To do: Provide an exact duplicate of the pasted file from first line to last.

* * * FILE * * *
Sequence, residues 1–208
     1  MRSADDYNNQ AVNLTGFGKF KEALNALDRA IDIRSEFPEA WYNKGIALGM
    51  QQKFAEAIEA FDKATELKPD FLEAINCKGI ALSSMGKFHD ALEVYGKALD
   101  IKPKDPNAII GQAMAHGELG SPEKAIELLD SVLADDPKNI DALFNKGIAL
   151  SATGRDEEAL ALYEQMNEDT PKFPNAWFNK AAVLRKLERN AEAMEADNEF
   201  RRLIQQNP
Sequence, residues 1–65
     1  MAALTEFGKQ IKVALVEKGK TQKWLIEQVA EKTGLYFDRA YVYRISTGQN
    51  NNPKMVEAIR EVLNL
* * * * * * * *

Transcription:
Sequence, residues 1–208
     1  MRSADDYNNQ AVNLTGFGKF KEALNALDRA IDIRSEFPEA WYNKGIALGM
    51  QQKFAEAIEA FDKATELKPD FLEAINCKGI ALSSMGKFHD ALEVYGKALD
   101  IKPKDPNAII GQAMAHGELG SPEKAIELLD SVLADDPKNI DALFNKGIAL
   151  SATGRDEEAL ALYEQMNEDT PKFPNAWFNK AAVLRKLERN AEAMEADNEF
   201  RRLIQQNP
Sequence, residues 1–65
     1  MAALTEFGKQ IKVALVEKGK TQKWLIEQVA EKTGLYFDRA YVYRISTGQN
    51  NNPKMVEAIR EVLNL